Peak Oil

FROM The Oil Crunch

A wake-up call for the UK economy

The first possibility is that we are already producing at, or near, the maximum capacity of our existing fields and no more significant oil fields can be found, despite increasingly intense exploration activity. This is the conventional understanding of the case for ‘peak oil’. Despite the facts that there is a large amount of known oil in the ground (more than we have extracted to date), and that new finds are constantly being reported, none of this adds up to enough to replenish the current levels of draw-down. The new, easily accessible, supergiant fields which are necessary to replenish the mainstay of current production are nowhere to be seen. The need to find new super-giant fields is illustrated by the fact that, although there are some 70,000 known fields in current production world-wide, the vast majority of these produce oil in insignificant volumes.

The world is heavily dependent on 120 oil fields that collectively account for 50 percent of world production and contain two thirds of the remaining reserves of fields in production. Their average age is 42 years and although the expectation is that their production will slowly decline in a predictable manner this is not always the case. The Cantarell field offshore Mexico was one of the world’s largest fields when it was discovered in 1975. Following the start of production in 1980, field production rose steadily and by 2000 it was producing over 1Mb/d. Nitrogen injection was used to enhance oil recovery from 2000 and in 2005 production peaked at 2.2Mb/d. At this point Cantarell was the second most productive oil field on earth only exceeded by Saudi Arabia’s Ghawar field. However, in late 2005 a sustained and rapid decline in production started and has continued ever since. By August 2009 production from Cantarell was down to 0.65Mb/d amid hopes that production may finally be stabilising. By global standards Cantarell is not an old field. Large numbers of still producing Middle East fields started up in the 1930s, 1940s and the early 1950s. The lesson to be drawn is that production from elderly oil fields may not be as reliable or as predictable as is generally supposed.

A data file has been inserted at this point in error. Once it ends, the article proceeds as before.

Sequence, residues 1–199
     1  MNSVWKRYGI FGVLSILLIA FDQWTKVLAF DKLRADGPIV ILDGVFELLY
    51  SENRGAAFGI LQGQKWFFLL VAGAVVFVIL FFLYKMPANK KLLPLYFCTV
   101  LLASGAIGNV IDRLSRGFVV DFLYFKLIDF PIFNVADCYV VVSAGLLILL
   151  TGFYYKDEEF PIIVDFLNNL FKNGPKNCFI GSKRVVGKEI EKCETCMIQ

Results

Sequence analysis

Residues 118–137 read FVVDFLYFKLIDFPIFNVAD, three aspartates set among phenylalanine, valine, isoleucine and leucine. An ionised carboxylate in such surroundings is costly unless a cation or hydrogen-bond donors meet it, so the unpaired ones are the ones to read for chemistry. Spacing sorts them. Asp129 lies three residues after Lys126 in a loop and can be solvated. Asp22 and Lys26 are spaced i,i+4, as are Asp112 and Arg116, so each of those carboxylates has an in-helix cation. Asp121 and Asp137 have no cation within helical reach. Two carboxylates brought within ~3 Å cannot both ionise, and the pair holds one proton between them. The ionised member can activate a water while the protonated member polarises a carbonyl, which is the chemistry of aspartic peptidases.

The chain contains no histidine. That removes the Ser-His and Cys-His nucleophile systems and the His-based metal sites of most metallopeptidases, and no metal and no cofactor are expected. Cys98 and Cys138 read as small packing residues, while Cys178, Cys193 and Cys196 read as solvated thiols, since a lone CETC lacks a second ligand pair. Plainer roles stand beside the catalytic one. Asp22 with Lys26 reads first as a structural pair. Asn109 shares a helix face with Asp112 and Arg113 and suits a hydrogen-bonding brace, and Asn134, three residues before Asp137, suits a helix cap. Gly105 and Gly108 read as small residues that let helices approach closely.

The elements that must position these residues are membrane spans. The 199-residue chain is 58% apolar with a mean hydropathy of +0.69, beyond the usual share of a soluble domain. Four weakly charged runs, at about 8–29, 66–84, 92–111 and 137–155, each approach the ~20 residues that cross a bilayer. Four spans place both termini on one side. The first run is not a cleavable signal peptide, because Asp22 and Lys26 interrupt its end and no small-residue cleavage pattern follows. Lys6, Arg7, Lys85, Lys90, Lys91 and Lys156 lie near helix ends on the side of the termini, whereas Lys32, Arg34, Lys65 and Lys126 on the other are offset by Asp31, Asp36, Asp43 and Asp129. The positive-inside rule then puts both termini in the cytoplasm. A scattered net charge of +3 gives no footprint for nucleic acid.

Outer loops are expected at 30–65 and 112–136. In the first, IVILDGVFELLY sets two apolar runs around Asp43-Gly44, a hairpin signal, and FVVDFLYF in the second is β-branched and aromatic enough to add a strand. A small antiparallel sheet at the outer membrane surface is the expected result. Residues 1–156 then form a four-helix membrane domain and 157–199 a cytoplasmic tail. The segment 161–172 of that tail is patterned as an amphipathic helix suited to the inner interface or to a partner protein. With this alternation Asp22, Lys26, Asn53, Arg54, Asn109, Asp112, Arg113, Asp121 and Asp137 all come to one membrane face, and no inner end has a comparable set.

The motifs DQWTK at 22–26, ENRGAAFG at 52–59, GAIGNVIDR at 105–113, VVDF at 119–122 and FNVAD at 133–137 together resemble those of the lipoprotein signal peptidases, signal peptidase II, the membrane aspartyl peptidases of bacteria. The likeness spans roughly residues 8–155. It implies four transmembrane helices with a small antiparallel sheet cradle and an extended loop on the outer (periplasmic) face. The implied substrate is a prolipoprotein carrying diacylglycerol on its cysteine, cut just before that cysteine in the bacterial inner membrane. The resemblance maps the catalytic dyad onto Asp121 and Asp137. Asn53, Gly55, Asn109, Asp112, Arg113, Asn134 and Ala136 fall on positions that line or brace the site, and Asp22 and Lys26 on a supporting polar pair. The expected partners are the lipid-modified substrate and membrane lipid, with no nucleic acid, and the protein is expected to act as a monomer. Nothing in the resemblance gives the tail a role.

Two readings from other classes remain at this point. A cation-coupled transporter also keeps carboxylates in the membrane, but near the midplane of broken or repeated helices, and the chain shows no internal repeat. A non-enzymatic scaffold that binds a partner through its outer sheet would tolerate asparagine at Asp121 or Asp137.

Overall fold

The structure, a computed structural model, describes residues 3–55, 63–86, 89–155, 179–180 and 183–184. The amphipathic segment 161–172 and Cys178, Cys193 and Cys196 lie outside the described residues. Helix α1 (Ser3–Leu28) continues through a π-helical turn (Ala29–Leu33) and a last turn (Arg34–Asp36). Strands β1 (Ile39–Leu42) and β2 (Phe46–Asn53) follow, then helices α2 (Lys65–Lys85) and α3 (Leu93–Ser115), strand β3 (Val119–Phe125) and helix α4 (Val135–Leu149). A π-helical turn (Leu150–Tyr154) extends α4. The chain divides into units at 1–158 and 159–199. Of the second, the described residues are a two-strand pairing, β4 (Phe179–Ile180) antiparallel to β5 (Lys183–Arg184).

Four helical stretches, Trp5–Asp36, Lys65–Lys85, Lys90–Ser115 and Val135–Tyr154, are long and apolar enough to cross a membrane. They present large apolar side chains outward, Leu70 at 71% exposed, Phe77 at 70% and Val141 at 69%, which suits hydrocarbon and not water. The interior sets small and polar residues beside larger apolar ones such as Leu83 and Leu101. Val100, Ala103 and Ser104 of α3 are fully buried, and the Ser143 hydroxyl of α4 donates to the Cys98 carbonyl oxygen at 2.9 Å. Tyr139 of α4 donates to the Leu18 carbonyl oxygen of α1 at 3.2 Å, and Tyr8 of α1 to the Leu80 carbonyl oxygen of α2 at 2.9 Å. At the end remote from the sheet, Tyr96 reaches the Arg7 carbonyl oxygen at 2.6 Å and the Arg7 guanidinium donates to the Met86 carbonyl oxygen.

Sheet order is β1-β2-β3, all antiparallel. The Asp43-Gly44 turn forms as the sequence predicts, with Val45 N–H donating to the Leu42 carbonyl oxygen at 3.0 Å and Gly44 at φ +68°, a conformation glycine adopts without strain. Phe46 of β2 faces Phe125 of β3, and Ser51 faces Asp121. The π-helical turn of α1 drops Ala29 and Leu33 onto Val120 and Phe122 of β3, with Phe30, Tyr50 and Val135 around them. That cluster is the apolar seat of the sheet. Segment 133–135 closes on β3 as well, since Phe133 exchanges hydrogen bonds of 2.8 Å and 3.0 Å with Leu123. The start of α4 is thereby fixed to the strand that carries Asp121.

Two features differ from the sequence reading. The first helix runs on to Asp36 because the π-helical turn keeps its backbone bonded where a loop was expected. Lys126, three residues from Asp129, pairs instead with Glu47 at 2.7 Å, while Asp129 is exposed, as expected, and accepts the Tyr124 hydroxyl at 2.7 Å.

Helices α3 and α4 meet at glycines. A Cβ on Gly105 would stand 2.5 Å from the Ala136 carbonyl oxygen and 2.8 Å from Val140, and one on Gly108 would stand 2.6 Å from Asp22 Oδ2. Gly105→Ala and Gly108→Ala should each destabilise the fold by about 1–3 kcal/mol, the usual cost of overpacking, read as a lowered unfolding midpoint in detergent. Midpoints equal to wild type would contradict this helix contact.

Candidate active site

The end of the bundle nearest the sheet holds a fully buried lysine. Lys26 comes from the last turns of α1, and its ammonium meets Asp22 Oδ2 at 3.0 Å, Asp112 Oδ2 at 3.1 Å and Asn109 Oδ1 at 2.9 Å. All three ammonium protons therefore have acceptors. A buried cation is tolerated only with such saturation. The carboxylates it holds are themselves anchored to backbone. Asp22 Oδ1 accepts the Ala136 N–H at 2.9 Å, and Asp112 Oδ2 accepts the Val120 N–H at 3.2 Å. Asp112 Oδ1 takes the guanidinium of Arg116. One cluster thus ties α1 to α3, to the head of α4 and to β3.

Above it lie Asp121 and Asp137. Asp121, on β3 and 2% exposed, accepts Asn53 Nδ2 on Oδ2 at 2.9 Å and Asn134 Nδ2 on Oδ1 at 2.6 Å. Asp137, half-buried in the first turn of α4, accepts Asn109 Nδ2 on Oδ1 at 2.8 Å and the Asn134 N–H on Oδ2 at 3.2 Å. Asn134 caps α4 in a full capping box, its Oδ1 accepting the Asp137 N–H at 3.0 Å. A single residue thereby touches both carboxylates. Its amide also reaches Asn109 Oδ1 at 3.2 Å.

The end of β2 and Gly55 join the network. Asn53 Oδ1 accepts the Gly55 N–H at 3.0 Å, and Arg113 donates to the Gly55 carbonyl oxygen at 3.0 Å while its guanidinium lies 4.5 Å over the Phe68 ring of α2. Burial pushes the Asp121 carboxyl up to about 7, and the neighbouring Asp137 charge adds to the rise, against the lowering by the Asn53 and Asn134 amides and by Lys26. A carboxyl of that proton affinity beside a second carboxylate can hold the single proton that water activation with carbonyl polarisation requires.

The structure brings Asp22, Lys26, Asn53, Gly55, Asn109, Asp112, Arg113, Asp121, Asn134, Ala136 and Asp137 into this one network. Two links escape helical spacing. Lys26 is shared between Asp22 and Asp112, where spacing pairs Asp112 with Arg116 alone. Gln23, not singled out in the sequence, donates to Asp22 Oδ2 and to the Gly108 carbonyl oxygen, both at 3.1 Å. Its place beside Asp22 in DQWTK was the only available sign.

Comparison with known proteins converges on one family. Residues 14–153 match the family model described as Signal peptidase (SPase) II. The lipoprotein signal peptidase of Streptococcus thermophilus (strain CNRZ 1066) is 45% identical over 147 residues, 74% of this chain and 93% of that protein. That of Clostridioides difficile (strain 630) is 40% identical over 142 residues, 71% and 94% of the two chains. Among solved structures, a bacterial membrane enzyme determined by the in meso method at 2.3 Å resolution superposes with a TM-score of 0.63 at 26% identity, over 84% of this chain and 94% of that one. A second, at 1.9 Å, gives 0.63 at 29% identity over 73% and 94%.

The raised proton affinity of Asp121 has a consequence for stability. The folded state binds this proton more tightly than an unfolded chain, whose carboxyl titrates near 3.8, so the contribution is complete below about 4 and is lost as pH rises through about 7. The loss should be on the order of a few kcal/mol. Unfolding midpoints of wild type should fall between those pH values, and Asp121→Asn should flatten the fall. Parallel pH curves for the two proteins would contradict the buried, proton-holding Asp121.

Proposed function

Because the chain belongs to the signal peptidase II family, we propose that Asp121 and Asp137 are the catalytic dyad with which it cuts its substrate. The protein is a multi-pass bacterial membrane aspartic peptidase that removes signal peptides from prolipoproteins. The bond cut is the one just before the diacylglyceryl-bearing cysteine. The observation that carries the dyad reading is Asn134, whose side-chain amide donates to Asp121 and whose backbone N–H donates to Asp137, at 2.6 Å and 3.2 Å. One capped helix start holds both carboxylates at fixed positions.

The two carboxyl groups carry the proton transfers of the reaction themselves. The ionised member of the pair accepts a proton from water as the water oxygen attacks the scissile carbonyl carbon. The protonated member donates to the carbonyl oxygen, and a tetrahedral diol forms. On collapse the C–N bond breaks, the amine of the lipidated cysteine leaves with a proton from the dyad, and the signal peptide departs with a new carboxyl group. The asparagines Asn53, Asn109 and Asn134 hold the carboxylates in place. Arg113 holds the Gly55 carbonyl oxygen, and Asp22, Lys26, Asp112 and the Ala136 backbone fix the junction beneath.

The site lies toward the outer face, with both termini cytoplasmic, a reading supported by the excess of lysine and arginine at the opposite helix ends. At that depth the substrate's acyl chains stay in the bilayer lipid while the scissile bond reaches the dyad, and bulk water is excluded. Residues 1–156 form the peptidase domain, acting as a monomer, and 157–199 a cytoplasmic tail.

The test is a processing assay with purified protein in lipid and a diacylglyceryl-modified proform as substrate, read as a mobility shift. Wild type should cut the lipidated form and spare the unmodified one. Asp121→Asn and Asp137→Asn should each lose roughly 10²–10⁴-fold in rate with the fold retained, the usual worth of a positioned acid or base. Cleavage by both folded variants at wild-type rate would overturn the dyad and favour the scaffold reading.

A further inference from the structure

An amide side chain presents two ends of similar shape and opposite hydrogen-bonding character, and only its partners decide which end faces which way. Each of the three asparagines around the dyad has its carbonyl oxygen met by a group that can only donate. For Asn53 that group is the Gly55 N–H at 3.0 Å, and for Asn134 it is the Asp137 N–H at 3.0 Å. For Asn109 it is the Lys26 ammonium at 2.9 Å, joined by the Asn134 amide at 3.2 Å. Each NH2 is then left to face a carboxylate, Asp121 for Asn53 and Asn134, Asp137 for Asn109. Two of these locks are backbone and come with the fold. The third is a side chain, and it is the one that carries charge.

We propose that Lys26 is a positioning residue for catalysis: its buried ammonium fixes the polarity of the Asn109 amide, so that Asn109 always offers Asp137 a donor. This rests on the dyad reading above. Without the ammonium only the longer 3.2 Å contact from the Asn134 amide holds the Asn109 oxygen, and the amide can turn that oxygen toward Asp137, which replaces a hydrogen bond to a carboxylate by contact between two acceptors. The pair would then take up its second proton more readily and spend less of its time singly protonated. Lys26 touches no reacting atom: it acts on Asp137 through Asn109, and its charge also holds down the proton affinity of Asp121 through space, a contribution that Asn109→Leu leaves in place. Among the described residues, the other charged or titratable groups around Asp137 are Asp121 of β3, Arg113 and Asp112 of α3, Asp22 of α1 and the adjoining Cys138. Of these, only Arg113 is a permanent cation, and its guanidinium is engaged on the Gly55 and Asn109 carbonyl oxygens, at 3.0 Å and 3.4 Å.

The second possibility is that we are producing oil at, or near, the maximum capacity of the existing fields, but large new (and easily accessible) finds will be brought on stream in future despite the fact that these sources are currently unidentified. The relative absence of obvious candidates for immediate exploitation merely reflects the comparatively low levels of oilindustry investment in exploration and production over the past decade (due, mainly, to the relatively low market prices for oil). Unfortunately, even if large new finds are in the offing, only limited new capacity will arrive on stream within the next decade or so, because large fields take many years to develop. In a world with rapidly rising global demand, this will inevitably lead to a sharp and sustained rise in oil prices over the coming decade, even though prices may retreat again in the longer term. In our view, this description of the present state of global oil production is credible, but unlikely.

The third possibility is that there will be new discoveries of large new oil sources, but they will not be easily accessed, or they will be difficult to extract from. The recent deep offshore, sub-salt, finds in South/ Central America, and the tar sands of Canada, are good examples. Under these circumstances, even though abundant oil reserves may be uncovered with the passing of time, the ability to extract that oil will be limited both physically and by the sheer cost of exploration and production. Consequently, there will be a sharp, and permanent, rise in oil prices from which there will be no retreat. In our view, this description of the present state of global oil production is probably the best that is available.